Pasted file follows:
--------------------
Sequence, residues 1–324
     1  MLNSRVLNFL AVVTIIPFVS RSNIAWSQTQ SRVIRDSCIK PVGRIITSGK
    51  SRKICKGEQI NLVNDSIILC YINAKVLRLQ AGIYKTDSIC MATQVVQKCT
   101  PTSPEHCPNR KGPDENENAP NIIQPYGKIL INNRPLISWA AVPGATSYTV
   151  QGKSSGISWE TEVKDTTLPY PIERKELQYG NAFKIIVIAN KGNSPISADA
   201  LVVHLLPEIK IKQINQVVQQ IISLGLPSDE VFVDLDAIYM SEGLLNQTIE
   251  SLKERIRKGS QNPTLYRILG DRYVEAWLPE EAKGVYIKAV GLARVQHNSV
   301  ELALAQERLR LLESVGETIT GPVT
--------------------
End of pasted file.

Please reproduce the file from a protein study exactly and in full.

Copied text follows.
Sequence, residues 1–324
     1  MLNSRVLNFL AVVTIIPFVS RSNIAWSQTQ SRVIRDSCIK PVGRIITSGK
    51  SRKICKGEQI NLVNDSIILC YINAKVLRLQ AGIYKTDSIC MATQVVQKCT
   101  PTSPEHCPNR KGPDENENAP NIIQPYGKIL INNRPLISWA AVPGATSYTV
   151  QGKSSGISWE TEVKDTTLPY PIERKELQYG NAFKIIVIAN KGNSPISADA
   201  LVVHLLPEIK IKQINQVVQQ IISLGLPSDE VFVDLDAIYM SEGLLNQTIE
   251  SLKERIRKGS QNPTLYRILG DRYVEAWLPE EAKGVYIKAV GLARVQHNSV
   301  ELALAQERLR LLESVGETIT GPVT